Groggy and walking out of my dark bedroom, I’m wondering if I awoke in the middle of the night. A glance at my watch tells me it’s morning, but the sky is dim and dark, as if the light is hiding out under a curtain of dark clouds, waiting to go onstage. The air is thick and muggy, like a wet rag ready to be wrung out. The good news is the cloud cover is providing a deafening silence, as though my ears are stuffed with cotton.
Though I love the spirit of heavenly sunshine, days like this slow me down, make me want to curl up on the couch with a book or a sketch pad and take some much-deserved time for myself. If we don’t build rest into our lives, nature will build it for us. Today is a great example.
This morning I read a line in the Bible that I had never heard: “though he died, he still speaks.” (Hebrews 11).
Here I am reading a story about something a man did 2,500 years ago, and that man is still speaking. It got me thinking.
Who is speaking in my life, though she or he is long gone?
The other day I was coaching my son in the kitchen, drawing out a little chart to show him how to get ahead in life. I flashed back to the moment in the kitchen when my dad drew out the same chart for me as a teenager. When I was telling my son, it was really my dad speaking, though he passed away back in April. And chances are he was repeating something that someone else had said to him years before.
I’m Hearing Voices
When painting, I can hear the exact voice and words of my now-deceased mentor Jack Jackson. “I don’t want to see a single brushstroke,” he would say. His words echo in my mind though he has been gone for over two decades.
My grandmothers were always telling me things, and those things still come up in my mind. I’m guessing they were passed down through dozens, possibly hundreds, of generations. Morning devotionals and lots of exposure to biblical thinking, passed on for numerous generations
What about you?
Who from the past is still speaking?
Something about that line from the Bible was hitting me in the face with a two-by-four. SMACK!
It made me realize the importance of guarding our words and actions, because they will live on beyond us.
Bad Habits Carried into the Future
They say that verbal or physical abuse lives on through generations. Will those times when I got super angry and said something to my kids scar them for life? Worse, will it scar their kids, their grandkids, and a hundred generations beyond? I admire people who are strong enough to not repeat the behavior of generations before them.
Cranky or Kind?
My great-grandfather William Berry was, I’m told by my dad, the kindest person he had ever known. His wife, my great-grandmother, was, I’m told, the meanest. My great-grandfather’s approach, his example, his words lived on through my dad, and hopefully through me. In that case either the kind grandpa’s or the mean grandma’s example could have lived on. Kindness won. And though I barely knew my great-grandmother, her mean spirit came from somewhere … probably her parents.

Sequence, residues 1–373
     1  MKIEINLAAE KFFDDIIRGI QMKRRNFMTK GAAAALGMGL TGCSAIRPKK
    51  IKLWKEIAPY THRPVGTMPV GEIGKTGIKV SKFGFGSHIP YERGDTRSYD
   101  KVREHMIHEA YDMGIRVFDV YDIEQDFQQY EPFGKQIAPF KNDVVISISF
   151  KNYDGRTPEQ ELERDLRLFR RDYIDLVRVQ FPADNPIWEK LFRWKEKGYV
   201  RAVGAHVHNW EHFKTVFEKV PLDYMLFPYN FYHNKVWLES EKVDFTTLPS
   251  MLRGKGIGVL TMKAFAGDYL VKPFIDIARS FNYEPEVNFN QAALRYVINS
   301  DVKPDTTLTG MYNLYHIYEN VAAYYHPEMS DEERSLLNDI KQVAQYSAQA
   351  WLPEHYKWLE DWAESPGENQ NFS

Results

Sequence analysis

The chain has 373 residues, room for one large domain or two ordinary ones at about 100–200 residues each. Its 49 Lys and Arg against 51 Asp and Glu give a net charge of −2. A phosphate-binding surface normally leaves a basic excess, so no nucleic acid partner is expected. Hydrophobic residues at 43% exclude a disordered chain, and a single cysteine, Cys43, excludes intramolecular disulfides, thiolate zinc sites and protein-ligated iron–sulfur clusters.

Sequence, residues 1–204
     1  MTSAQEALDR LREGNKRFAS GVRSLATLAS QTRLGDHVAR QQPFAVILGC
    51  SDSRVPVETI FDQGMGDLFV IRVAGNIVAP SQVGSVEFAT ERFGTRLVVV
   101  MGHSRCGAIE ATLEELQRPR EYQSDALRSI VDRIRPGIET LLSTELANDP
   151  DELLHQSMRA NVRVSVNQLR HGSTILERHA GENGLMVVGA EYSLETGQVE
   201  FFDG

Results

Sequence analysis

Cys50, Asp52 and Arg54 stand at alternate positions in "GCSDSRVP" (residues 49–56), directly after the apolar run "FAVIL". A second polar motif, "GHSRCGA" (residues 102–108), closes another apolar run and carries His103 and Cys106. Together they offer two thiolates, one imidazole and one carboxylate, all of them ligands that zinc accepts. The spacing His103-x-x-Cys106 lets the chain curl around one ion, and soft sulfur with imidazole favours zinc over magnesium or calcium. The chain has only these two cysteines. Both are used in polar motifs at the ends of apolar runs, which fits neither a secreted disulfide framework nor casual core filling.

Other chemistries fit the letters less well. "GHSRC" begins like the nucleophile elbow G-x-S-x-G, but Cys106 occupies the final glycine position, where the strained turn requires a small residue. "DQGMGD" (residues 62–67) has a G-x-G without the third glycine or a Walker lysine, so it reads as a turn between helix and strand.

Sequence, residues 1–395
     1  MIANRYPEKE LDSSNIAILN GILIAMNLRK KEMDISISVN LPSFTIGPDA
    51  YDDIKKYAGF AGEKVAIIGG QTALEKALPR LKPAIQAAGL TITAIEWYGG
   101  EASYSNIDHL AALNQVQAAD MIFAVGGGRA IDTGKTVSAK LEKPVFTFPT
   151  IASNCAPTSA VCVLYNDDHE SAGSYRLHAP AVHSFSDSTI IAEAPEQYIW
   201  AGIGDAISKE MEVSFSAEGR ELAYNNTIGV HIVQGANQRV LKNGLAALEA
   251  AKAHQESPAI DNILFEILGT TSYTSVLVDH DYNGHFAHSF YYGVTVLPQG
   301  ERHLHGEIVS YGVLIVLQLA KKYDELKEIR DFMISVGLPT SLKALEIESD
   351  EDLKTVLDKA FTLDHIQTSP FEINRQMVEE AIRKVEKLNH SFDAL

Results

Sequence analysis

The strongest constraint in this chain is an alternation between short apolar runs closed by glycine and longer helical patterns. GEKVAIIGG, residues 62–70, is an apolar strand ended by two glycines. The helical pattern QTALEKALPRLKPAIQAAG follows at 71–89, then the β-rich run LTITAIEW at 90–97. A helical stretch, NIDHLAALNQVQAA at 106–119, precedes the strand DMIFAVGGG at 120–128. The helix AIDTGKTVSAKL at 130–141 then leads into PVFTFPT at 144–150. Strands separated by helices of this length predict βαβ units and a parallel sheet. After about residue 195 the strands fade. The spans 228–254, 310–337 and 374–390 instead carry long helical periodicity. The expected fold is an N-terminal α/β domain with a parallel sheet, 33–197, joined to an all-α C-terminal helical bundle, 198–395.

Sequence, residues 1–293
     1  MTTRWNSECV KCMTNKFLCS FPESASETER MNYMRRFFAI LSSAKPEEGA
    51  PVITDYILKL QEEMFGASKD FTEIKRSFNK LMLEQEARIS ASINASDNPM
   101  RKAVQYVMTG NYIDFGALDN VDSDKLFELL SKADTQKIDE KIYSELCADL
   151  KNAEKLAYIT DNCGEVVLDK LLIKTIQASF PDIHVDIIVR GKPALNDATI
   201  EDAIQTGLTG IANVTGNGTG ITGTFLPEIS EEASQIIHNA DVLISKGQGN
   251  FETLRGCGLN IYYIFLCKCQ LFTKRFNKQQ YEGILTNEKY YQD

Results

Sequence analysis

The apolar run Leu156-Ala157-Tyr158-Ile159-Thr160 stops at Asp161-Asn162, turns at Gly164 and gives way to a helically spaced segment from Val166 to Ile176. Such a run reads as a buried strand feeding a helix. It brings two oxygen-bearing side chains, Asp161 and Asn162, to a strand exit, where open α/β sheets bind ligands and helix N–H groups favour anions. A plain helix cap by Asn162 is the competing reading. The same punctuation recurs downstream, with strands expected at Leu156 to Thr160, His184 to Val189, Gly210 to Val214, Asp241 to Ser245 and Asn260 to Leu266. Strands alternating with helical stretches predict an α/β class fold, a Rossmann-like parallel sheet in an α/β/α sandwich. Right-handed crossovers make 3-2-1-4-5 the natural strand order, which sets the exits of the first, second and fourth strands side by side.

How will your words and example live on for generations?
Sometimes we forget that the formative years before age 5 typically set the tone for a life, and how the little parental training we have tends to come from the example of our parents. I think this is the magic of a two-parent system, when that is possible, and the magic of the influence of grandparents. Children raised by two parents get a second chance, and possibly a balanced approach. Grandparents provide even more options for balance.
When I read these words in the Bible (“though he died, he still speaks”), it reminded me of the importance of being deliberate about what messages we want to have sink in, and hopefully pass on for generations.
Repeat After Me
When I teach marketing to artists, I talk about the importance of repetition. I noticed that when something was really important to my mom or dad, or one of my business or art mentors, they made sure to repeat those things time and time again.
Most of us, myself included, are probably not organized enough to be deliberate and write down a lesson plan for those we want to teach. But what if we did?
What would be the three or five messages that are so important that you would want them to live on for generations?
Like it or not, some of your words and actions are still speaking and will speak for generations.
This is a great reminder that you have a choice in determining what lives on.
Perhaps there are family traditions that need to be broken so they are not passed on. Perhaps there are replacements for those traditions that do need to live on.
Will the good words, the good deeds — or the bad ones — live on?
Will you impart lessons that will be passed on for generations?
You get to decide.
PS: This week I received a note from a woman who lives alone and said that she had just come out of the lockdown she’s been in since March of 2020. She has been stuck in her small one-window apartment for almost two years, having left just one time. It made me very sad. This has been such a trying time for so many.